August 31, 2011 by Michael Vereb
William and Mary classes did not start until the 24th of August but my learning started five days earlier when new students came to the College for Orientation. I got to work with new students during Orientation and this year I was assigned to work with transfers.
One of the first things I learned from the transfer students was about how to approach college. The Orientation Aids (OA’s) hand out class pins to all new students with their graduation year on it. I’m VERY concerned about when I graduate, maybe even too concerned. I put pressure on myself to do everything perfectly, the first time. Many of the transfers, when we asked which year pin they wanted, responded with “ehh, maybe give me a ’13 and a ’14.” It was so nice to see people that were coming here with the idea that things will work out. I appreciated that calmness. There are real factors that make a timely graduation necessary: money, career path, etc. There are also, however, other factors such as “that’s what you’re supposed to do.” I don’t think we should approach college as a burden with this huge pressure to do what everyone else is doing. The transfers don’t!
As I was spending time with different transfer students this week I also ran into a few people that have been on my tours this summer. This was the first time that has happened and when I saw one of the guys from a tour I immediately got nervous. I was nervous because I talk a big game on my tours. William & Mary is an AWESOME place and my time here has been phenomenal. I felt a bit on edge that I may have talked it up too much when I saw someone that had the chance to see if what I said was actually true. I talk about how close the community is, how easy it is to meet with professors, and how welcoming we are. Those things are easy buzz words to throw out in tours, but harder things to see and feel in reality. I was nervous that the reality of our community might not be felt by those students I had talked to on tours. It’s so cool to see that it IS real. Not just for me, but for brand new incoming students. It’s something you feel even within the first week of your arrival. I love the sincerity we have in walking our talk here at the College!
My transfer group saw that same community in different ways. After our diversity session we sat down and talked about what the community means to us. One woman in our group is an African-American mother from Hampton. She hasn’t received support from those around her in terms of her decision to go to school: “Why do you want to go THERE?”, “Can’t you go closer? To another school with more people like you?”, “What about your kids?” This woman felt more support from two other mothers that she met in this first week at William & Mary than she does from those at home. I was so pleased to see that this community is a supportive place.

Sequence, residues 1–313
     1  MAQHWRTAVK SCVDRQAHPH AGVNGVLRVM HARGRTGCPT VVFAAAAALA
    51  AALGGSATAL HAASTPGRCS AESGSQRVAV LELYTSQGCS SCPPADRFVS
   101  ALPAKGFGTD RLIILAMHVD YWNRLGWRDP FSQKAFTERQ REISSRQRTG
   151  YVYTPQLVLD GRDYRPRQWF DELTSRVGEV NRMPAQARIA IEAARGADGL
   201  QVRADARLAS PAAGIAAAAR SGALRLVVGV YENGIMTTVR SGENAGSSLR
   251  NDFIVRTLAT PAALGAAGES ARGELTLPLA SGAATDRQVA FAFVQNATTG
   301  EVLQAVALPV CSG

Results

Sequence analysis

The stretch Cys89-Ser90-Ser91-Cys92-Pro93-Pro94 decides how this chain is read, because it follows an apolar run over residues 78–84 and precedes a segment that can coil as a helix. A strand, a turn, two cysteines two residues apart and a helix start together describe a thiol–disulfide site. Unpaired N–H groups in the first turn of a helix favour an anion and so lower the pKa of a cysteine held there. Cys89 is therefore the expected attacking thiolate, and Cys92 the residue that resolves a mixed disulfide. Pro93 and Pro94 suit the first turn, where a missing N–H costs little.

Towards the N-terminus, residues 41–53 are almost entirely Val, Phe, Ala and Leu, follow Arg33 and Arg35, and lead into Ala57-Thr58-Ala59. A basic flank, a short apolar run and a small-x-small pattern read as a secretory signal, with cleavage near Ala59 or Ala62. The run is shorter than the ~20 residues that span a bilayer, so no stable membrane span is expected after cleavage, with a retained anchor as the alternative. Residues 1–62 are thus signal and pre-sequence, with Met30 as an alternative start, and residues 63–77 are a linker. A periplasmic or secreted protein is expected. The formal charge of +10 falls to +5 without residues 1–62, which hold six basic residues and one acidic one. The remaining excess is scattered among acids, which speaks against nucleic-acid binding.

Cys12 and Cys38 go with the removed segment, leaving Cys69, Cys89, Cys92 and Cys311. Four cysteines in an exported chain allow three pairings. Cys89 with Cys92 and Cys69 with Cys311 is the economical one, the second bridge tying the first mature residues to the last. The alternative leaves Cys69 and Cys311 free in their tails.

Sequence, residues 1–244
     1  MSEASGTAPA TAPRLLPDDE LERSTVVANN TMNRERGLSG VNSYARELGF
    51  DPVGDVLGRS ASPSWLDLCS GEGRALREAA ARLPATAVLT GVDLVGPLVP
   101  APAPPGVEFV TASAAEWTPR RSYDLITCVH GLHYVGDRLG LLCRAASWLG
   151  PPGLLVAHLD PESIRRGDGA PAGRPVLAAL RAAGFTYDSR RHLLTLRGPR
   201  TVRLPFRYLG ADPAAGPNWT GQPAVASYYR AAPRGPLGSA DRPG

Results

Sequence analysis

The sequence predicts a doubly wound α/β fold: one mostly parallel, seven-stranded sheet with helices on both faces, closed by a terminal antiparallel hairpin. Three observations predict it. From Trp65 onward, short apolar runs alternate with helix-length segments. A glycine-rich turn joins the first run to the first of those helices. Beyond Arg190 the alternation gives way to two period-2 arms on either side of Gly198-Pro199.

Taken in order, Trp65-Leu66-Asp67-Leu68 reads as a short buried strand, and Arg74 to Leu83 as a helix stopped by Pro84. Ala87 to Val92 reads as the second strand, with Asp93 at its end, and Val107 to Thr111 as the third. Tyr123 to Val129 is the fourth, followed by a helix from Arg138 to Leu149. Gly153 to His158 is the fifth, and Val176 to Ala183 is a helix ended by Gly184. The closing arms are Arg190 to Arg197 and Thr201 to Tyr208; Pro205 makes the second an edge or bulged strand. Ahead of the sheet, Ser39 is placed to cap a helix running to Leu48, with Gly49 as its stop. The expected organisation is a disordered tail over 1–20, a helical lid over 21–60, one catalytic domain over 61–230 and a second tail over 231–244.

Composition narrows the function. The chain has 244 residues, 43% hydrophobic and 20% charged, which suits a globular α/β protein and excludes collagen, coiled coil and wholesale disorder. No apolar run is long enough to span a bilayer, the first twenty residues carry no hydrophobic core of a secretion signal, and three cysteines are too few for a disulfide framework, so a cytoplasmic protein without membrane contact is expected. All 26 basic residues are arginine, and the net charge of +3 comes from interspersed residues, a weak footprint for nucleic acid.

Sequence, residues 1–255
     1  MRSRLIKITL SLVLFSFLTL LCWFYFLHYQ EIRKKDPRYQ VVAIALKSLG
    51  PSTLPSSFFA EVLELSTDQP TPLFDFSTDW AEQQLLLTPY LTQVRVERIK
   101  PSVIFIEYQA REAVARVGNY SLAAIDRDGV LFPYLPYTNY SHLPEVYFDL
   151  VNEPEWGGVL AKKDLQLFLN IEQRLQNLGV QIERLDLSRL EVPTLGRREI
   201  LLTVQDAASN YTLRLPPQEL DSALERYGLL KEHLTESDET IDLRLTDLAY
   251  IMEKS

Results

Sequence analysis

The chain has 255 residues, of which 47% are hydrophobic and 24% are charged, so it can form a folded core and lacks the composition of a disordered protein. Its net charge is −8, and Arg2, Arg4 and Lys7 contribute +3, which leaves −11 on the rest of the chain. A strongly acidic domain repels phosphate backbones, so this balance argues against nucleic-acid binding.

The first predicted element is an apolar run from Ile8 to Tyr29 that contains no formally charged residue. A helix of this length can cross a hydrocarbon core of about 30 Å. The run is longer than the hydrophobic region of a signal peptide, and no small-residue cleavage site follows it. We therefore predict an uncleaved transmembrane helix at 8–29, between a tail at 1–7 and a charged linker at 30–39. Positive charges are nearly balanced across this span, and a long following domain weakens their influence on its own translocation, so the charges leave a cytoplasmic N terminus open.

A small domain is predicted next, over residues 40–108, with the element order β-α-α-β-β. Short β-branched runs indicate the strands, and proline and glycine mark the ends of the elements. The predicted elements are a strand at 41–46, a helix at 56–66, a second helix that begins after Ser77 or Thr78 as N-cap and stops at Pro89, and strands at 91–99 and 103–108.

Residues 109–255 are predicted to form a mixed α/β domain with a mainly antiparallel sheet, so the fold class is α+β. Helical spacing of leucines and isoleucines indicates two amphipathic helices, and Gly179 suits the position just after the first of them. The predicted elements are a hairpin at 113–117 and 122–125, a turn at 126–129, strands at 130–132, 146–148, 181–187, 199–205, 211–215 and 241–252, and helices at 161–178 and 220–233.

Another one of the transfers I worked with quit his job so he could come back to school…at age 44! “Do you know what kind of job I can get with an Africana Studies major? Neither do I!” It’s been really easy for me to look at each class as something I need to do in order to graduate instead of an opportunity to learn. This transfer student sees each class as a chance to gain more knowledge-the only thing he’s really looking for. Too often my goal in college is my degree. I’ll work this year on being more like this new student, going to class for the education.
A final thing I’ve found this week at Orientation is just how cool a place William & Mary is. In my transfer group there were people commuting from Virginia Beach, Richmond AND D.C.! That means they might travel between one and three hours every day they come to campus. It’s wild to hear about these sacrifices- long travel, quitting jobs, etc. It is validating to see that the school we attend is one worth all of that.
August 11, 2011 by Michael Vereb
This summer has been a learning one for me here at the Admission Office. I’ve gotten to glimpse inside the admissions process and see all that goes into creating each incoming class at the College. More directly, I’ve been an interviewer for rising seniors like you! Being a student, and thus having no direct involvement in your actual selection, I can’t talk with any authority on “The Check-list” of things you need to get into William and Mary (in fact, W&M’s holistic approach to admissions means that even the Deans are not able to do that!). What I can do, however, is talk to you about talking to me. Here’s some tips for how to present yourself well when coming for the interview.